Raleigh, N.C. — Gov. Roy Cooper told education leaders Wednesday that increasing funding for public schools, including raising teacher and principal salaries, is one of his top priorities, and he called on business leaders to help support his initiatives.
Cooper spoke at the Public School Forum of North Carolina's annual event in Raleigh, where the group released its top 10 education issues of 2017.
The governor covered a wide range of topics, including school choice, scholarship programs for teachers and early education, during his interview with Public School Forum Executive Director Keith Poston. The interview was recorded for Education Matters, a weekly show that runs at 7:30 p.m. Saturday on WRAL-TV.
Cooper said he wants the business community to help him focus on three things: increasing funding for public education, repealing House Bill 2 and expanding Medicaid coverage.
"Do we continue corporate tax reductions, personal income tax reductions? Or are we going to say we’ve done enough, it's time now to truly invest in education?" he said. "Don’t cut the corporate tax again. Instead, raise teacher pay."
Cooper noted that "there are a lot of Republicans who support public education in the General Assembly" and said he believes lawmakers can find common ground "as long as we act like adults."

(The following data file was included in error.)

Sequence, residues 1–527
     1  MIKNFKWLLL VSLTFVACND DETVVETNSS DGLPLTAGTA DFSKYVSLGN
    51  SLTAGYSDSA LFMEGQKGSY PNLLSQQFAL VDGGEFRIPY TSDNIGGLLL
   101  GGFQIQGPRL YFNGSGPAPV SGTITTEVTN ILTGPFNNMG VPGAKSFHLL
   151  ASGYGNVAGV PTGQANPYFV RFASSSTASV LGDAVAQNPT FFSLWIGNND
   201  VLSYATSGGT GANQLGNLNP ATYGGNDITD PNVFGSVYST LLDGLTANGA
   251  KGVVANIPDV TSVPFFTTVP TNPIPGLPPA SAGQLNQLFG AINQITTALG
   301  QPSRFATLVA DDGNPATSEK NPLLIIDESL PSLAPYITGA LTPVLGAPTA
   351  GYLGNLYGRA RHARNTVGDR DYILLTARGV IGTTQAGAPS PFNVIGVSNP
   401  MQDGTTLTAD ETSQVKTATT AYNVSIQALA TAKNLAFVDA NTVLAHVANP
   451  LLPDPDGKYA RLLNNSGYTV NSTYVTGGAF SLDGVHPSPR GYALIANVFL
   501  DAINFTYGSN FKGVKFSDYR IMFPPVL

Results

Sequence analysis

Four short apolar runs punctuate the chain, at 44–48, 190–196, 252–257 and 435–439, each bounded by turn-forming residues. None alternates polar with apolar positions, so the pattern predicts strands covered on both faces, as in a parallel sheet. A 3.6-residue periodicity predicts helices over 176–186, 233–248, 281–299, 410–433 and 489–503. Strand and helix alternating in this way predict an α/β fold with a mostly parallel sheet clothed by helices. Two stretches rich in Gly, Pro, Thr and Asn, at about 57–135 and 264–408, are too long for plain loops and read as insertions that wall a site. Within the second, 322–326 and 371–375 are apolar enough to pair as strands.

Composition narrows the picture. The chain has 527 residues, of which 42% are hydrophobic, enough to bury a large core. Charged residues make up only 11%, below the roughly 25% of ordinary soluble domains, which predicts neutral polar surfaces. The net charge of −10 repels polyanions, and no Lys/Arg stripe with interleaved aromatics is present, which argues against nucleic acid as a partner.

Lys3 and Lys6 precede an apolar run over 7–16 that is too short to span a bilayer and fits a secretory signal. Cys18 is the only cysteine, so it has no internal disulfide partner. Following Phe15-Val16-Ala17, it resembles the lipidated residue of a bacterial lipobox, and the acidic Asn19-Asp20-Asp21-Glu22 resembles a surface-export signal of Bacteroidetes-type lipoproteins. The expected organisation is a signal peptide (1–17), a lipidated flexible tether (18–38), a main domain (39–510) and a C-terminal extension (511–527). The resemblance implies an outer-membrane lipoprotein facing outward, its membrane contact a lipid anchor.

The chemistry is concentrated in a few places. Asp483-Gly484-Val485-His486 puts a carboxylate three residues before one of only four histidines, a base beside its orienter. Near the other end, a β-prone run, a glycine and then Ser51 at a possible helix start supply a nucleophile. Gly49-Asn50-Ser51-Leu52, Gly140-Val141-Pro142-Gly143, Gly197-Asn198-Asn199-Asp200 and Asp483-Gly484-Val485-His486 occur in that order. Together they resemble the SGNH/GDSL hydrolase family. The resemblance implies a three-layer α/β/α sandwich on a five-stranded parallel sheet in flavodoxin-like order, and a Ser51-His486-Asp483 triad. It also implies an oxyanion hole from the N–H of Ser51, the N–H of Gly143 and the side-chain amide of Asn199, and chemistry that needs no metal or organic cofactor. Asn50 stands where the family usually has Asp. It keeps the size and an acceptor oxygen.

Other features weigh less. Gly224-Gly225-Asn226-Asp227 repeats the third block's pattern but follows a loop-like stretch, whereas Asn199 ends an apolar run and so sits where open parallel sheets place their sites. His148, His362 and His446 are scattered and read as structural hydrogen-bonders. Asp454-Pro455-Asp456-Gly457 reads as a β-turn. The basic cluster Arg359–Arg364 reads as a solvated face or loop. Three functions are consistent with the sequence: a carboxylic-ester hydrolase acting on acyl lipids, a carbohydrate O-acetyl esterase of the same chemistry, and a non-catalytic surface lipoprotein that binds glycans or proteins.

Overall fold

The governor said he is concerned about continuing the state's Opportunity Scholarships school voucher program, which offers up to $4,200 in taxpayer funds to low-income families who want to send their children to a non-public school.
"I am very concerned and have opposed vouchers because of the lack of accountability. We really don’t know what these schools are doing or how they are performing," he said. "Instead, we need to invest in our public schools."
Cooper called for the return of the Teaching Fellows program, or something similar to it, to provide scholarships for college students who are studying to become teachers. He also said the state should focus more on early childhood education, using data and research-driven policies.
"Starting these kids early is a moral responsibility, I believe," Cooper said.